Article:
Because the benefits are endless, I couldn’t even hope to list them all, but here are a few great reasons for engineering pros (or anyone else) to work from home during the holidays:
1. It’s the universal excuse to escape from household chores and awkwardly boring social situations.
2. What better way to bond with estranged relatives than doing something (working!) that we can all relate to?
3. It helps justify – to your wife, your boss, or your self – the need for a new laptop and phone every 9 months.
4. Just because they’re family doesn’t mean they aren’t potential clients. Look sharp! Act smart!
5. We have to set an example of what a Proper Work Ethic looks like for the children!
The easiest way to work-from-home is to get your files on your own computer. If you’re tired of using a 1.44MB floppy disk to move, you can try a Cloud-based service such as DropBox or SugarSync: these upload your files from work to the Internet then download those files from the Internet to your home or laptop or phone.
But who works with files, anyway? What you really want is your email! Try these steps:
- Ask your IT department, specifically, for Outlook Web Access. If you’re using MS Exchange, they may have already implemented this feature but neglected to tell you. I’ll give you a hint: if your coworkers are accessing their email from an iPhone, then you can probably access your mailbox from anything.
- Check for Outlook Web Access! I’ll be honest, I do this first.
- Open Outlook and see what settings are. You’re looking for the “Server” setting:
- Open a web browser and try going to http://replace-with-server-name-here/exchange.
- If your username and password don’t work, try using your email address as your username.
- Lastly, you can setup an Outlook Rule that redirects your incoming email to an external email address. Remember that you want to use message redirection and NOT message forwarding – you can find instructions to configure this on Microsoft’s Office website.
If you really must access your work desktop virtually, try using LogMeIn.com. I recommend it wholeheartedly every time I have the opportunity: it’s been a lifesaver for me over and over. It’s free, it’s reliable, and it requires no messy firewall re-configuration. I use LogMeIn.com on a daily basis to access my desktop left on at work, as well as occasionally helping my Mom with her email problems.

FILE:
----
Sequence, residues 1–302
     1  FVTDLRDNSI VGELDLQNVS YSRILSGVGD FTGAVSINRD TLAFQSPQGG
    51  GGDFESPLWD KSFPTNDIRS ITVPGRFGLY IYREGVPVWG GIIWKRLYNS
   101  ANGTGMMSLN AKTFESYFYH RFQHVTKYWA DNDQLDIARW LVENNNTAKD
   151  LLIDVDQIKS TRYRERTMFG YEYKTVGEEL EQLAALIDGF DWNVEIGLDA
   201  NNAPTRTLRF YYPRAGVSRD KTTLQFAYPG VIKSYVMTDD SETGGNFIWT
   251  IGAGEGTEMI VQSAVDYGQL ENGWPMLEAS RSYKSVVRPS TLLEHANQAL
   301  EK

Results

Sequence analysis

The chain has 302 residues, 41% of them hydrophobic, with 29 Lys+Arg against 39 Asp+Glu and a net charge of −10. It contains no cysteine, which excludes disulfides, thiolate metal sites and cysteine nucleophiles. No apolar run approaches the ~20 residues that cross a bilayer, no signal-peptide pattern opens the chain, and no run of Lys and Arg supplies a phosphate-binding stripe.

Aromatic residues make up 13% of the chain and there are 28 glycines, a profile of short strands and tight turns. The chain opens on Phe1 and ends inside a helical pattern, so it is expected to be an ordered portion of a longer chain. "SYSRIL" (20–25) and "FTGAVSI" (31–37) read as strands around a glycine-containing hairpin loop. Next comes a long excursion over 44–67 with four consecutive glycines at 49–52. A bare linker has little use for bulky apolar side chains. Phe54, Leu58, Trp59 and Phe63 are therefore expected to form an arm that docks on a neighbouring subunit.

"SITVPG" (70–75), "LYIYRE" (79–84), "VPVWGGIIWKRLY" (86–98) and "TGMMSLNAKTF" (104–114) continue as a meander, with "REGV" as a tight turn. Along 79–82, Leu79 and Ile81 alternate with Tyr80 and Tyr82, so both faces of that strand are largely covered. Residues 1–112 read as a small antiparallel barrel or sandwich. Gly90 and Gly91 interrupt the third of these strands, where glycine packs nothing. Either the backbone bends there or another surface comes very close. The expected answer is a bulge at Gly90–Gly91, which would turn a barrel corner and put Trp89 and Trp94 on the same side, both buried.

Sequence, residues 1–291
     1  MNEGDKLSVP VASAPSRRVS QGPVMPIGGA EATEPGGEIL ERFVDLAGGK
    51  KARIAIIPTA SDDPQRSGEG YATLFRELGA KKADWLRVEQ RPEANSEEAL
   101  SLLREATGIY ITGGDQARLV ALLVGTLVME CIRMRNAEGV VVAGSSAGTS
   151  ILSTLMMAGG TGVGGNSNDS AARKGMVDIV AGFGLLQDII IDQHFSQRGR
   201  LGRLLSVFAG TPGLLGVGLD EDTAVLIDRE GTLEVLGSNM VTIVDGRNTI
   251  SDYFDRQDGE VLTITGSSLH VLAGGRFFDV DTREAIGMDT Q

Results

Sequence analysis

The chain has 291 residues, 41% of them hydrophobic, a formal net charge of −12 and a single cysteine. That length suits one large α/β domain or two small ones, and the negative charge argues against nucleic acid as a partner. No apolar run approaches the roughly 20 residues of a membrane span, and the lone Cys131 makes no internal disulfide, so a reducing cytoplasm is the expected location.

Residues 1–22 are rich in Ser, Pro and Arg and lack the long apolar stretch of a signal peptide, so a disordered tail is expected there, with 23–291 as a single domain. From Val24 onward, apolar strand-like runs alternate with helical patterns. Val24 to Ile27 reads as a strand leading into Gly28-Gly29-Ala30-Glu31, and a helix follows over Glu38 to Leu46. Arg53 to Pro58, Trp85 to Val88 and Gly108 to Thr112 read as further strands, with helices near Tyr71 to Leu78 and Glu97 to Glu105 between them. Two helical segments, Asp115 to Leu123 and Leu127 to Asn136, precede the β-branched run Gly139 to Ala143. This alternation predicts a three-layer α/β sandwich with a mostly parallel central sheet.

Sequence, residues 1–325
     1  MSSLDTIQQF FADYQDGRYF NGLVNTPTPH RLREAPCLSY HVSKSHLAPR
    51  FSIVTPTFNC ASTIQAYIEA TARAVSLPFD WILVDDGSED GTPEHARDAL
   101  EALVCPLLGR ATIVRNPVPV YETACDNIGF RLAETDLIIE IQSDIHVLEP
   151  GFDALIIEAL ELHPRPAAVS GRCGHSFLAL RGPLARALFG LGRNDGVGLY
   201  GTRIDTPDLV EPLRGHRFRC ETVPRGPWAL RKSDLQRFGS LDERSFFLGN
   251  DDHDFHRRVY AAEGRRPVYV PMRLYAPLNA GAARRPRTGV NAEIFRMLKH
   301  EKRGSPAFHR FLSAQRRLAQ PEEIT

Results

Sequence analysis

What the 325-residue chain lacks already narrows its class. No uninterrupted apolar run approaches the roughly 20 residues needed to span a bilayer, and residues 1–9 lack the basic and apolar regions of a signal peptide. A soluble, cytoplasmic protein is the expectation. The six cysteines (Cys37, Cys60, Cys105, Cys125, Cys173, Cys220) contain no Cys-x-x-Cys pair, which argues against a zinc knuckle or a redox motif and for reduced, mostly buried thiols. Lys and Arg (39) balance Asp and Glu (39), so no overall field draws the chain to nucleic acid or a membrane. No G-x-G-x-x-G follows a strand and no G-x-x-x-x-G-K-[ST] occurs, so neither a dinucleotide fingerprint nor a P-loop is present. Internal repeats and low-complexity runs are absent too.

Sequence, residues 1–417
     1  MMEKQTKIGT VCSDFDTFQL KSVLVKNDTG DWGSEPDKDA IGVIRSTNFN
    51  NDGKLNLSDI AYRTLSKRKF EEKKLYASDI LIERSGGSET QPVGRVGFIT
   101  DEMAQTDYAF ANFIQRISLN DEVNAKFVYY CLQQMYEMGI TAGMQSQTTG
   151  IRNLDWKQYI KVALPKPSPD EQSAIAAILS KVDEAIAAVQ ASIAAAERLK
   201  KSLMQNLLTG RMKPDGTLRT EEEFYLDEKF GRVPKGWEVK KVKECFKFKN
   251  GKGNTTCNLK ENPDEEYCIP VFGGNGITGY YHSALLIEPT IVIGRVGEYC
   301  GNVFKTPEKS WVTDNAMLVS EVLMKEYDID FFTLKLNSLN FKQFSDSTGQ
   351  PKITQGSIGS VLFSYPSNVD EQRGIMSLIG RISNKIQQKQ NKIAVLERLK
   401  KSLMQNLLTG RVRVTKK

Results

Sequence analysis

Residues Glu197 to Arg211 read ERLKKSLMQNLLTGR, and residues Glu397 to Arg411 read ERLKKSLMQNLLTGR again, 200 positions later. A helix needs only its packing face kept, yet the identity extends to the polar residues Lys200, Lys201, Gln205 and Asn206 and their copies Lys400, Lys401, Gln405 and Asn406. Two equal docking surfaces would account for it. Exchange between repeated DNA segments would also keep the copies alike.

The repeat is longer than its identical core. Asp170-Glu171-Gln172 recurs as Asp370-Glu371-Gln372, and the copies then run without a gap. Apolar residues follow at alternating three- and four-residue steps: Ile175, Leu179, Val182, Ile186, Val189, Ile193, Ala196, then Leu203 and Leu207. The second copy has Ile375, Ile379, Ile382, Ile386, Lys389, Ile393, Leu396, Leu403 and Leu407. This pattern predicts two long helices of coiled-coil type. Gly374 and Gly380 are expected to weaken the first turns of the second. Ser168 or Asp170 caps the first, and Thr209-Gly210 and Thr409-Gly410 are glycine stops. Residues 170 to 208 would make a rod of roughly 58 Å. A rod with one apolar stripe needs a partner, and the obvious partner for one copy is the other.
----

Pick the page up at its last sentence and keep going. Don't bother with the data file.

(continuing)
Of course, most of the above is dependent on your having access to the Internet. I considered the dilemma very seriously so that I’d have a solution in case I ever had to go outside the 120-ft range of my Linksys router.
This will be your easiest method of getting network access. But what if your parents are part of the 30% without broadband access? Here are your options for getting Wi-Fi access while you’re away-from-home:
- Use Starbucks’s free Wi-Fi. Those starving college-bound baristas even come in on Thanksgiving day! Your local library probably has free Wi-Fi, too.
- For the 0.02% of Americans who live in the same city as Google, they’ve blanketed all of Mountain View with free Google WiFi since 2006.
- Use BackTrack Linux to decode your neighbor’s Wi-Fi password. Just before you leave, give them your business card with a note on the back, “Your wireless password is ADADFACEDACAB. Call me for a wireless security consultation!”
Many of us have data plans attached to our “smart” phones. For the occasional trip away, I use my Android phone to bridge my laptop to the Internet. You have options here, too:
- A “rooted” Android phone can use open-source Android-Wifi-Tether to bridge your laptop and phone, allowing you to use your cell phone’s data plan for access.
- Android applications such as EasyTether and PdaNet provide similar solutions for most phones. Be sure to test it before you need it!
- T-Mobile is the only carrier that offers daily access plans that will get you online for $3/day. You’ll need to procure a GSM device (such as the ZTE MF60) on your own, then activate a T-Mobile Prepaid SIM card separately before combining them into your inexpensive, temporary mobile access point.
- And, of course, carriers offer the feature with exorbitant monthly fees and 24-month contracts. This method isn’t my first recommendation, but it’s probably the least troublesome.
Using the tools and tips above, I’m confident you can successfully work while you’re away! Remember that your family will understand that your deadline takes precedence over setting the table and cleaning dishes; explaining that your boss is depending on you will help you appear responsible to your in-law parents; and working has fewer calories than desert – in case you hope to “lose a few” before the New Year.
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Application Integration Engineer, SPK